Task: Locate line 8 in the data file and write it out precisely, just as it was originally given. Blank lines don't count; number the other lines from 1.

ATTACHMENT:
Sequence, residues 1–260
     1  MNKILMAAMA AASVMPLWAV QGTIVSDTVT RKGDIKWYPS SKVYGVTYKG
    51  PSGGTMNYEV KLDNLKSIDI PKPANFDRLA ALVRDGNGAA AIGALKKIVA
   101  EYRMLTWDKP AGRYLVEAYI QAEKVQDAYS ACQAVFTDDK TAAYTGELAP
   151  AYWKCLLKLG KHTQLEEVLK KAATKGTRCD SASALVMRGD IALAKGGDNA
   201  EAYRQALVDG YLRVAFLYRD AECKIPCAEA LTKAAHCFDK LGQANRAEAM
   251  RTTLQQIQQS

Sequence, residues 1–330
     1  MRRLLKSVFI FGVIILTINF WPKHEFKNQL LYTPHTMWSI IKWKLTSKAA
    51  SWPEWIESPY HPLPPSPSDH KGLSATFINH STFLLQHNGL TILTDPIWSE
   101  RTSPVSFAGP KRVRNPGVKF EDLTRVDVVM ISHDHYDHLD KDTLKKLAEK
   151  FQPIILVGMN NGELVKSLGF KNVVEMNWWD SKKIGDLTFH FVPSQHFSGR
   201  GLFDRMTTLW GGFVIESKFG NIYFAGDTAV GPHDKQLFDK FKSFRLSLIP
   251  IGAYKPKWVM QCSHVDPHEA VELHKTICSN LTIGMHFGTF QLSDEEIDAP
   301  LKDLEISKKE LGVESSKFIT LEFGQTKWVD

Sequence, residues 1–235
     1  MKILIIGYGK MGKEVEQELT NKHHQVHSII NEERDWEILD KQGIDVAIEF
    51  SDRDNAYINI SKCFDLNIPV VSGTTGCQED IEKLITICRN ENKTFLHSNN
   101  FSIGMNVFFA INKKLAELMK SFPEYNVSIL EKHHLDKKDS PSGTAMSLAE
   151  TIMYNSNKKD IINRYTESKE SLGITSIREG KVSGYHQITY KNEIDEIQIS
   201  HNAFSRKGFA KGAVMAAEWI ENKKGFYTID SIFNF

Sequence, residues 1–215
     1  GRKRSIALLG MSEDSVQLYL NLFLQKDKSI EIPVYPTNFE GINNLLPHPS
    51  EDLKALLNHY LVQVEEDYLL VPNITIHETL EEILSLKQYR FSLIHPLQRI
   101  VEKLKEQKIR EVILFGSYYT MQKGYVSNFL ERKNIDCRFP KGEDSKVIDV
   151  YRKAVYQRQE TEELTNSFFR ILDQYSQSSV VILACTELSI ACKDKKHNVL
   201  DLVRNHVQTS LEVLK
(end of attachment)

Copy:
Sequence, residues 1–330